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Study: More fruit, veggies bring smiles


Seven 3-ounce portions linked to positive well-being


By STEVE BROWN


Capital Press


British researchers have found that eating plenty of fruits and vegetables not only improves your physical health, it helps your emotional well-being, too.


Andrew Oswald, professor of economics at the University of Warwick in Coventry, England, said little research had been done previously on food's effect on emotional well-being.


"Public health literature examines how it benefits the health of the body," he said. "This study has shown surprising results, and I have decided it is prudent to eat more fruit and vegetables. I am keen to stay cheery."


Many Western governments recommend five servings of fruit and vegetables a day for cardiovascular health and as protection against cancer risk. The report found that happiness and mental health are highest among people who eat seven 3-ounce portions of fruit and vegetables a day.


Oswald, along with fellow Warwick professor Sarah Stewart-Brown and David Blanchflower, professor of economics at Dartmouth College in Hanover, N.H., presented the findings in a paper written for the National Bureau of Economic Research.


What the team found was that eating more than the usual recommendations of fruits and vegetables leads to measurably improved mental health.


"The statistical power of fruit and vegetables was a surprise. Diet has traditionally been ignored by well-being researchers," Stewart-Brown said.


The study did not distinguish among different kinds of fruits and vegetables, nor did it matter whether the fruits and vegetables were fresh, frozen or canned.


"But most doctors would like us to eat a lot of fresh products because they retain antioxidant qualities," Oswald said.


The survey also did not consider organically grown produce versus conventionally grown.


One of the surveys found that individuals consuming eight or more servings of fruits and vegetables per day have a life-satisfaction score 0.27 points higher than those who eat almost no fruits and vegetables.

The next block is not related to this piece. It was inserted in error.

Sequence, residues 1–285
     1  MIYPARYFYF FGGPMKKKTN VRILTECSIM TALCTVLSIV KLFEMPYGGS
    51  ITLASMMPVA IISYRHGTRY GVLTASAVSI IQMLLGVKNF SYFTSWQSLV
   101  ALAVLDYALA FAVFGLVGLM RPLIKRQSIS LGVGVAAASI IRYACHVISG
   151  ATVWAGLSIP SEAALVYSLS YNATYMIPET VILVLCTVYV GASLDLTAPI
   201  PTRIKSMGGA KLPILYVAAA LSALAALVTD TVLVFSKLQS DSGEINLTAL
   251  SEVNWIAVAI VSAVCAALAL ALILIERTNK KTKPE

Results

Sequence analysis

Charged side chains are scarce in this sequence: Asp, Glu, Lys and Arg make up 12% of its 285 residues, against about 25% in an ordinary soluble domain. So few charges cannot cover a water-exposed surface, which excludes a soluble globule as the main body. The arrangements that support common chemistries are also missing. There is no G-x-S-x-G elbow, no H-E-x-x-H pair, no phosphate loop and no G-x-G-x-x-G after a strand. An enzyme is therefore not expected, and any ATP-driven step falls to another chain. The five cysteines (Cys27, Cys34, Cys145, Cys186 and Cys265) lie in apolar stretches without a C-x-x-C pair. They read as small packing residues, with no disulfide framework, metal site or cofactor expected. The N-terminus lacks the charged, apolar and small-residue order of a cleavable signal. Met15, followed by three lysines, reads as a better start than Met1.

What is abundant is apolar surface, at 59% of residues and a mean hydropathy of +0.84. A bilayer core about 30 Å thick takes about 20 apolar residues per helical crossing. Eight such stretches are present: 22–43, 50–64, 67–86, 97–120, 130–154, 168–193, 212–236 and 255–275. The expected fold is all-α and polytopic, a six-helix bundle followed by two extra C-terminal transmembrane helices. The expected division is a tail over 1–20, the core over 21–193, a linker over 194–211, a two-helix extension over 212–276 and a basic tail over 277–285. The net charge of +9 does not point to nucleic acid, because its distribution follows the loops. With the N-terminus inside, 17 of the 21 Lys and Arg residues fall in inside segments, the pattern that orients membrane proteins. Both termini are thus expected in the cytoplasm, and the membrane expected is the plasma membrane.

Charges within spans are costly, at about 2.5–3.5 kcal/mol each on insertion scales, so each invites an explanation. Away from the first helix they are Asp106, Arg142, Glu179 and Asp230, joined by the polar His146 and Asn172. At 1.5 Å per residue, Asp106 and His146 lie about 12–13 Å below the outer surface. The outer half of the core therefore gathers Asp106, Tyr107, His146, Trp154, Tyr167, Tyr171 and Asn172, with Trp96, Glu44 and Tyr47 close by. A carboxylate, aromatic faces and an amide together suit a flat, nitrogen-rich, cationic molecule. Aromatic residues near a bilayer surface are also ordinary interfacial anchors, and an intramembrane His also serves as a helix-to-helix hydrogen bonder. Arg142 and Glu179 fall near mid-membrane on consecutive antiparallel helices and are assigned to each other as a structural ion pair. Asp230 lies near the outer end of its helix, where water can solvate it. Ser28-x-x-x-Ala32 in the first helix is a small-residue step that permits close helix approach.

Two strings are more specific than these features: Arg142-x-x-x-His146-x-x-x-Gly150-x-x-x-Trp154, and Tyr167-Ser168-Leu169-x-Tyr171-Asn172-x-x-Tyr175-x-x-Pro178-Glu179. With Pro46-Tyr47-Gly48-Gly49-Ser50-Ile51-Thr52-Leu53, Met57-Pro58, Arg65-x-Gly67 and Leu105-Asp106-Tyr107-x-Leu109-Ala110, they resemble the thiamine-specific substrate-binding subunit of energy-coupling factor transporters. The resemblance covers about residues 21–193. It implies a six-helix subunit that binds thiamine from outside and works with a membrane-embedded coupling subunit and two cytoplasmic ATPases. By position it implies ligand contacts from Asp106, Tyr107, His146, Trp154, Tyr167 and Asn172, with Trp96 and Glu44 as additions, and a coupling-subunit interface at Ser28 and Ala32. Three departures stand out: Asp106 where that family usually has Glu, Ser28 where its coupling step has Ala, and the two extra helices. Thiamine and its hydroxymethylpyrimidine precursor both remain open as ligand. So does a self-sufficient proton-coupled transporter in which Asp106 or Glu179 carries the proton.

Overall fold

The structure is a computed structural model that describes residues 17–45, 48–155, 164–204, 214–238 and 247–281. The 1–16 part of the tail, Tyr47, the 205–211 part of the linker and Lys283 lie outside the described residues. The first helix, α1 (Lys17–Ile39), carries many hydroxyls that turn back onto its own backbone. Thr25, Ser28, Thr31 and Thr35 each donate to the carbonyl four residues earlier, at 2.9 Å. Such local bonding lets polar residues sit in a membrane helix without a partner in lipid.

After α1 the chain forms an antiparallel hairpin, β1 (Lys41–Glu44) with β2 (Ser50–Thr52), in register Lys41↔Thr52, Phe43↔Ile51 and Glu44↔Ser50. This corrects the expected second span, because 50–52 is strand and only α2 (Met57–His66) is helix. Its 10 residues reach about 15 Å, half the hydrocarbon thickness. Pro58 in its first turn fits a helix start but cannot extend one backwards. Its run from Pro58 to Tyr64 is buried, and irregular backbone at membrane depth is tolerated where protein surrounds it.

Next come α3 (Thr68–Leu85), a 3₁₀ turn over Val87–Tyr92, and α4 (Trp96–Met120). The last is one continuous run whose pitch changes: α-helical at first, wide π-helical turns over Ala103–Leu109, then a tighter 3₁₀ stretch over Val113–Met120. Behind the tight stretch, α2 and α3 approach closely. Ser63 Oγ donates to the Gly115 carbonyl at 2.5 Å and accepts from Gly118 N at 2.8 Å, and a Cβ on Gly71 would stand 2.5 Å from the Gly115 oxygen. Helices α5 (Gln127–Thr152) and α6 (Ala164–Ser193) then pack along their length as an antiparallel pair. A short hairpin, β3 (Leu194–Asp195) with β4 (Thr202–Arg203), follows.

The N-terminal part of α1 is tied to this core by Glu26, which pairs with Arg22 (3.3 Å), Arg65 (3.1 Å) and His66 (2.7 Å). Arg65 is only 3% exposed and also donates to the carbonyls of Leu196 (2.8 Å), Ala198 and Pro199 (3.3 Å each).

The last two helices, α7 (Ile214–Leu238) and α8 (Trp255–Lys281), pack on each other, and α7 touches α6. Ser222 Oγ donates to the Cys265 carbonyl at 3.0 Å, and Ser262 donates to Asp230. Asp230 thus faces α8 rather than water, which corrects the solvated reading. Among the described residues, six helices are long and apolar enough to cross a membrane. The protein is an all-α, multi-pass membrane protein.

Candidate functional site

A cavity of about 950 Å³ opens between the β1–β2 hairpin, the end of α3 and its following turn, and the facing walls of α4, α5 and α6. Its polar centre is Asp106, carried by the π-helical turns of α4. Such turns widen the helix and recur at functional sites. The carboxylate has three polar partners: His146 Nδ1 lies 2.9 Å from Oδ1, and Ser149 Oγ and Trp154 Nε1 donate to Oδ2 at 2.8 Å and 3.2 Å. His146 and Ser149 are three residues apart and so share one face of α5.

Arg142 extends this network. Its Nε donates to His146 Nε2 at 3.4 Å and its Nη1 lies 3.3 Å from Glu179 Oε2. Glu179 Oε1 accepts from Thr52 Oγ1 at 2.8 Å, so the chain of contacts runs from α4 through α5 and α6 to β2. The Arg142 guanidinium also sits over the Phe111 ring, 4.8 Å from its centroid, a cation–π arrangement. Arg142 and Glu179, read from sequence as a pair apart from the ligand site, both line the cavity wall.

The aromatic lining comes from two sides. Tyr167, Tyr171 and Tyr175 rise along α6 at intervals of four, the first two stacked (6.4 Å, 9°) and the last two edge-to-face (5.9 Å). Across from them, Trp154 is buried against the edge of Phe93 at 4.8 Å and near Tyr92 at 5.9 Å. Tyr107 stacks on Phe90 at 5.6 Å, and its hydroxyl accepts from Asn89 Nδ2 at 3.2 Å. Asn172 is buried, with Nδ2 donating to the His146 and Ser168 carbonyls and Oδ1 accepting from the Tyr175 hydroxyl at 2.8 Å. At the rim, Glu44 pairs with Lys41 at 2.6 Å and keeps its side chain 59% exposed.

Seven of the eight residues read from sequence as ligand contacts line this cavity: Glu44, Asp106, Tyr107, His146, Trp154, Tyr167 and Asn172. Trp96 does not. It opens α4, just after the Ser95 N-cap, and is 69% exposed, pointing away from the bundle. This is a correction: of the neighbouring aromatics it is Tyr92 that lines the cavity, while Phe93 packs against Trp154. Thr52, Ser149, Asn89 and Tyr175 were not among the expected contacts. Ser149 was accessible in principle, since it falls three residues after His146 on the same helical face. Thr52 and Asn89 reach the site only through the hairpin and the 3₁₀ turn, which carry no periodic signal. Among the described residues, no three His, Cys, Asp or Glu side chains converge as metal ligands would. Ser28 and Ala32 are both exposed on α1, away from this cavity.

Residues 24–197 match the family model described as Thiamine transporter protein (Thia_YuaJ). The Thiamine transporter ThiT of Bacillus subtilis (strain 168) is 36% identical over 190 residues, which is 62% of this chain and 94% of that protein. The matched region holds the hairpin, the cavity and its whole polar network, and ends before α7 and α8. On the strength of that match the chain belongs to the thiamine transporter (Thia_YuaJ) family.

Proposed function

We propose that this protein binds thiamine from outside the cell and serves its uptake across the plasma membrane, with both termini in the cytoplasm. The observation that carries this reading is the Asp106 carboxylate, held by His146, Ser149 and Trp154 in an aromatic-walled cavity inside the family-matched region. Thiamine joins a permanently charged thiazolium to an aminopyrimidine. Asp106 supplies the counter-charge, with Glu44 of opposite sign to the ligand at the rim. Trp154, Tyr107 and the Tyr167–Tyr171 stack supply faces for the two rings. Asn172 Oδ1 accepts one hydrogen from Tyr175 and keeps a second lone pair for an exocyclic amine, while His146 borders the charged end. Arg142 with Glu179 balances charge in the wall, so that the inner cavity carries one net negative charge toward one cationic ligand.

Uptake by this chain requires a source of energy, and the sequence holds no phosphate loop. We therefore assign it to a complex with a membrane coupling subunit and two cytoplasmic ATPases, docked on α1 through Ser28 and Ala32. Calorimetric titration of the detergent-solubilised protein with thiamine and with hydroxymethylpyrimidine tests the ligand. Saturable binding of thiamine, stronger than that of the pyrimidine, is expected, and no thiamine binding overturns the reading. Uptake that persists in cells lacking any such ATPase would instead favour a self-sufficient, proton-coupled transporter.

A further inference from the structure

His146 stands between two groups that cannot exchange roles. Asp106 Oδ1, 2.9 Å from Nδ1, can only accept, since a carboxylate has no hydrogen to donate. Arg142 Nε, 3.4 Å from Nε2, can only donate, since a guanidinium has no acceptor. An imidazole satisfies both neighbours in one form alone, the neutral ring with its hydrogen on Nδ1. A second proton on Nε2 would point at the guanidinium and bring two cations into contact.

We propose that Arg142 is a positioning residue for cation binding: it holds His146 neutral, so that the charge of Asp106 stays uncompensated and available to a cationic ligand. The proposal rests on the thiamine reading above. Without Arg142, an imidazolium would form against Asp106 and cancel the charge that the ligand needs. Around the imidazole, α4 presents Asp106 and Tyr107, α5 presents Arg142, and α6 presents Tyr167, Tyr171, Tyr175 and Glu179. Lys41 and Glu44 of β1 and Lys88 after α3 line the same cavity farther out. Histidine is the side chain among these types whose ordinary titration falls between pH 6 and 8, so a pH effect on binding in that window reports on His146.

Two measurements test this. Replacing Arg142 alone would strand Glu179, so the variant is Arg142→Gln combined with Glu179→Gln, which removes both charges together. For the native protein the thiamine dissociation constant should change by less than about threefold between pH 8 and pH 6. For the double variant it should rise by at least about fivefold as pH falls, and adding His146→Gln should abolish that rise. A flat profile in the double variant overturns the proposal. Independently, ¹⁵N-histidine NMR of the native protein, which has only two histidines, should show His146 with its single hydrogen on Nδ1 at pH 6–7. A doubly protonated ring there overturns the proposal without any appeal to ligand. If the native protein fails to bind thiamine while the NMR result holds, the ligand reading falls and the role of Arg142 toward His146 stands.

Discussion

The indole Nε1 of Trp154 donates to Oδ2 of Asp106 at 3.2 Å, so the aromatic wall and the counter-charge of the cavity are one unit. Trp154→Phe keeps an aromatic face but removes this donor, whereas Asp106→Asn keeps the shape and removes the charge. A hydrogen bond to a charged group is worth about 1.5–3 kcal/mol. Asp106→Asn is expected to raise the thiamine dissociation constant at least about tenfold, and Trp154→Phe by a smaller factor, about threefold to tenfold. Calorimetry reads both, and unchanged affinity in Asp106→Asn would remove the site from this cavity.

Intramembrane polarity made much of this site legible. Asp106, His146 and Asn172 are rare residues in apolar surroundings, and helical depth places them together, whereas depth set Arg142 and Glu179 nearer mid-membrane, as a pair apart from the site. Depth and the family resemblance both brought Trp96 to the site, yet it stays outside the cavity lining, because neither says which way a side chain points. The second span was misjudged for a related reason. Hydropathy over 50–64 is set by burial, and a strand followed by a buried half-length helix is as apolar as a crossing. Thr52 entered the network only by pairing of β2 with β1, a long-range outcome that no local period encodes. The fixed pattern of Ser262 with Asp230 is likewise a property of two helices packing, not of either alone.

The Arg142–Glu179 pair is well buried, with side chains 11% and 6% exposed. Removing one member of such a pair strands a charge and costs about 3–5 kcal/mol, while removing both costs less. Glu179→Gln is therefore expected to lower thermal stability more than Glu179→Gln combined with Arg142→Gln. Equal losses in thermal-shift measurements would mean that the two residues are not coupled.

To put that into perspective, the increment of being a nonsmoker is 0.19. The increment of being married is 0.36. The effect of being unemployed is a negative 0.90 points.


In some of the studies, the benefits leveled off at or above five servings a day. In others, they continued to increase up to seven or eight portions a day.


Surveys found the intake of meat, fish and alcohol didn't impact the results. They also took into account other well-being variables like body mass index, race, marital status, long-standing illness, religious practice and sexual activity.


Researchers found that levels of meat and fish consumption make little difference in the equation, except that eating no fish whatsoever is associated with worse mental well-being.


In considering consumption of alcohol, they wrote: "Those who drink one or two days a week have the lowest level of GHQ (General Health Questionnaire) psychological disorders. There is no statistically significant difference between the GHQ score of a non-drinker and someone who drinks alcohol almost every day."


The researchers said that thinking about the types of foods people consume "appears to be a potentially valuable one for social scientists and perhaps also eventually for governments concerned with the ultimate happiness of their citizens."




How psychological health is measured


One measure of psychological health, the Warwick-Edinburgh Mental Well-being Scale, is based on the range of responses to statements like:


* I've been feeling optimistic over the past two weeks.


* I've been feeling useful.


* I've been feeling relaxed.


* I've been feeling interested in other people.


* I've had energy to spare.


* I've been dealing with problems well.


* I've been thinking clearly.


* I've been feeling confident.


* I've been feeling loved.



 

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